EXCLUSIVE: Proof That Liberals Are Working to Remove Bill O'Reilly From Fox News

George Soros-funded Media Matters has a history of conducting smear campaigns against conservative media figures like Rush Limbaugh and Glenn Beck.

Their latest target looks to be Bill O'Reilly, host of the wildly popular and number one-rated cable news program The O'Reilly Factor on Fox News. Glenn shared on radio today an email that suggests the liberal watchdog is behind the advertiser exodus from The Factor. The email is from Mary Pat Bonner of The Bonner Group.

RELATED: If Bill O'Reilly Goes, It's the Beginning of the End of Fox News as We Know It

"The Bonner Group, according to the New York Times, was paid $6 million from Hillary For America -- or whatever it was -- and Media Matters to raise money," Glenn said. "They are the largest fundraiser for Media Matters, at least in 2013, and raised $11 million for Media Matters. This is the Hillary super PAC group and the super PAC for Media Matters. That's who Mary Pat Bonner is.

Listen to this segment beginning at mark 19:42 from The Glenn Beck Program:

GLENN: I've only got three or four minutes here. And I don't want to start down this rabbit hole of -- of what happened to us and what's now happening to Bill O'Reilly. And I have the proof. I'll do it after the bottom of the hour break. But I do want to share with you the letter that I have from -- I have 30 seconds? So I can't share it now. I thought I had a little more time. I'm going to share the evidence that I find absolutely astounding, that Bill O'Reilly sent to everybody -- all the papers that I read said, "Well, he has evidence." Well, did you ask for the evidence? Because I know it was really super, super hard. I wrote to Bill and said, "Hey, do you have the evidence?" And then his attorney sent it to me. So I know it was really hard. But nobody's -- nobody's running with this. Why? Because it's a game that works and is being played on you. Next.

[break]

GLENN: All right. I want you to know that you need to write and call the Fox News Channel today, if you buy into what I'm about to tell you, and tell them, "You can lose your advertisers, or you can lose your viewers." But you have to put some spine back into the Murdoch family and the Fox News Channel board because you're about to lose Bill O'Reilly. And this isn't about Bill O'Reilly. This is about Media Matters. And this is about a system that I want to show you, if I have time now -- otherwise, later in the show -- has worked before.

I called Bill last night and said, "Hey, I'm reading that you guys have evidence. Can I see the evidence?" He said, "Let me call my attorney." Calls his attorney. His attorney -- I get up this morning, and I have this.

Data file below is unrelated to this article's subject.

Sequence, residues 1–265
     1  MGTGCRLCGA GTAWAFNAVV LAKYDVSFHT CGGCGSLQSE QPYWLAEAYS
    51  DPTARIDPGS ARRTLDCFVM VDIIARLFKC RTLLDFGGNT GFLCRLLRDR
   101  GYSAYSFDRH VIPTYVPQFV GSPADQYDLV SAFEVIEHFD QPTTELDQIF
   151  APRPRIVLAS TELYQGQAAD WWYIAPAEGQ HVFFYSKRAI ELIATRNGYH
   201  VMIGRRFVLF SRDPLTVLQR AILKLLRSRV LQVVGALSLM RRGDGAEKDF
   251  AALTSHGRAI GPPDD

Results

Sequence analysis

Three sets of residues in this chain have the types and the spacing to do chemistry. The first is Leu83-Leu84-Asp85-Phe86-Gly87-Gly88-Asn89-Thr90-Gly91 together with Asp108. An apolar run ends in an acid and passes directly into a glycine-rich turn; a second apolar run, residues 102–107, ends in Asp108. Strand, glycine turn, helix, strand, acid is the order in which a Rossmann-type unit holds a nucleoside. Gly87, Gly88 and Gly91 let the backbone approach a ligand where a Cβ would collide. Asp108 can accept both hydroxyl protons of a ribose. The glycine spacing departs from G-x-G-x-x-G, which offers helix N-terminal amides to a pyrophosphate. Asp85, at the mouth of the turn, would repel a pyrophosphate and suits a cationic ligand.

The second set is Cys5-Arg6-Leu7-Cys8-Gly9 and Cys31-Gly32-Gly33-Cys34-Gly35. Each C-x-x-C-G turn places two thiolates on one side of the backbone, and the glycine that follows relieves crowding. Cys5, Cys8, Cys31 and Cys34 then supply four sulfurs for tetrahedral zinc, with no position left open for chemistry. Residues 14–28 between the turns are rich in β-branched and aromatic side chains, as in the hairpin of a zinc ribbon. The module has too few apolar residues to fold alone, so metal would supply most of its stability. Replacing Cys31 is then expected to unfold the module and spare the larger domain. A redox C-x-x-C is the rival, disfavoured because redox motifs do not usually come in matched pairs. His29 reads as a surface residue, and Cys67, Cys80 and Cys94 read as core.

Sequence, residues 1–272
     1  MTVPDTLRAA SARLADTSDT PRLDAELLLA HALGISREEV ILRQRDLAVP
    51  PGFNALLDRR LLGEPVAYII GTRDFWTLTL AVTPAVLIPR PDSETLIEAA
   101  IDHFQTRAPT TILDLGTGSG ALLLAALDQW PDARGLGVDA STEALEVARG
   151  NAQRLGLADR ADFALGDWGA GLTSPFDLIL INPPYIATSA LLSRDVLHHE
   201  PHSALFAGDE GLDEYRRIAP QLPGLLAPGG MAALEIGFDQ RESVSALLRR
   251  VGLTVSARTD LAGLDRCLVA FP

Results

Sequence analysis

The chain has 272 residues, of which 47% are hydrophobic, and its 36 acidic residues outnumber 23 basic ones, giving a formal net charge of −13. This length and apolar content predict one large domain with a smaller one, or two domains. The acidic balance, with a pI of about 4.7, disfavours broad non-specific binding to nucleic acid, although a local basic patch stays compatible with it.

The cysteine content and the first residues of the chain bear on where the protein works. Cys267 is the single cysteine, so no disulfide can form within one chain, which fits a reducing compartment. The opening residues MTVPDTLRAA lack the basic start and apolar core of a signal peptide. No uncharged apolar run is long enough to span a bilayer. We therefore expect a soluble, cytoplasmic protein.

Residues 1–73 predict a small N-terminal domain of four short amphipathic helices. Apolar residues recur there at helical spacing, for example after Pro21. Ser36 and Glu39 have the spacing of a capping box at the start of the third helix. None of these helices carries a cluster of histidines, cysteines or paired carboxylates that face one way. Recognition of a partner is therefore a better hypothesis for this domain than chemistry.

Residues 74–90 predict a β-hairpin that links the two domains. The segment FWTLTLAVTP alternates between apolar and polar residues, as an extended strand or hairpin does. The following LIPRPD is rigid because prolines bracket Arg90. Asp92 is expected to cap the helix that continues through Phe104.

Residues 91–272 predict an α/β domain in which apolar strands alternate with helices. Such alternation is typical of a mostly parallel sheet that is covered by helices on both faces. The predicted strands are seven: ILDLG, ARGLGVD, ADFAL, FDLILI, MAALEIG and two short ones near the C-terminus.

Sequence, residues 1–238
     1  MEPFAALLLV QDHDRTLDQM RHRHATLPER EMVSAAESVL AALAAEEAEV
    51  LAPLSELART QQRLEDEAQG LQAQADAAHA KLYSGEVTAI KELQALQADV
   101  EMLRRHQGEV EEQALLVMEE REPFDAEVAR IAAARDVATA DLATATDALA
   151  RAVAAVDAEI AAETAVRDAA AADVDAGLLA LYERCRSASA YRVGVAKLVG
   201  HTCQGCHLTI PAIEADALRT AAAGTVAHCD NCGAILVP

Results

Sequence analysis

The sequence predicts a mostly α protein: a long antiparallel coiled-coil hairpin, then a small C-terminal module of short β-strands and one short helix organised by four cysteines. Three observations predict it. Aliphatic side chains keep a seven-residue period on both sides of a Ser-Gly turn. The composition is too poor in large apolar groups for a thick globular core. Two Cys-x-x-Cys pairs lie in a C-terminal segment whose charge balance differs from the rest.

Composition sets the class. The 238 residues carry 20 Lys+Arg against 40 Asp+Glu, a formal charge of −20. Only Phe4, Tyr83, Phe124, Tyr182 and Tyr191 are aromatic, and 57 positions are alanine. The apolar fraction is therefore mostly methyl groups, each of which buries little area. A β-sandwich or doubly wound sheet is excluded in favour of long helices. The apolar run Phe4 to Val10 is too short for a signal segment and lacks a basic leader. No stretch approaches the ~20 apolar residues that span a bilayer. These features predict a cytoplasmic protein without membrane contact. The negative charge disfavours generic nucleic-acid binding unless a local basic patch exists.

Now, I've just tweeted this. We've posted it at GlennBeck.com. And I believe a story is going up on TheBlaze soon about it.

It's from Mary Pat Bonner. Now, who is Mary Pat Bonner? Mary Pat Bonner runs what's called the Bonner Group. The Bonner Group, according to the New York Times, was paid $6 million from Hillary For America -- or whatever it was -- and Media Matters to raise money. Another source -- we're not sure. We only have one source on this -- said that Media Matters paid the Bonner Group $1.4 million in 2013 alone, to raise money. They are the largest fundraiser for Media Matters, at least in 2013 and raised $11 million for Media Matters.

This is the Hillary super PAC group and the super PAC for Media Matters. That's who Mary Pat Bonner is. So Mary Pat Bonner who is trying to raise money for Media Matters sends this out: An O'Reilly update call. Subject line. It came out Thursday April 13th, 2:53 p.m.

For years, Bill O'Reilly has been one of the worst purveyors of misinformation on Fox News. A serial misinformer, pushing many of the most extreme, sexist, racist, homophobic, and xenophobic conservative theories on TV.

PAT: Such a lie. Name one. Name one.

And she -- they don't obviously.

GLENN: Bill O'Reilly is -- he's the most moderate of conservative television.

PAT: Completely reasoned.

GLENN: He is -- he never would connect the dots. He never does connect the dots. It's one of the biggest complaints, at least of this audience of Bill O'Reilly. They're like, "Don't worry, Bill will come along once the New York Times is there." I mean, Bill is --

PAT: And he's always said, "I deal in facts. I don't extrapolate. I don't connect dots."

GLENN: Right. I don't get ahead of the news. So he's not a theorist at all.

PAT: Yeah. Yeah.

GLENN: (sighing)

Additionally, recent bombshell New York Times investigation found Fox News and Fox host Bill O'Reilly had paid $13 million to settle with five women who accused the host of repeated sexual harassment or verbal abuse.

No comment on that. I don't know what that is. But if you're going to fire Bill O'Reilly, then you fire him based on that and be transparent. Let everyone know exactly what it was. But I will tell you, again --

PAT: We see no evidence on it. Right? Nobody has recordings. Nobody has photos. We haven't even heard the story.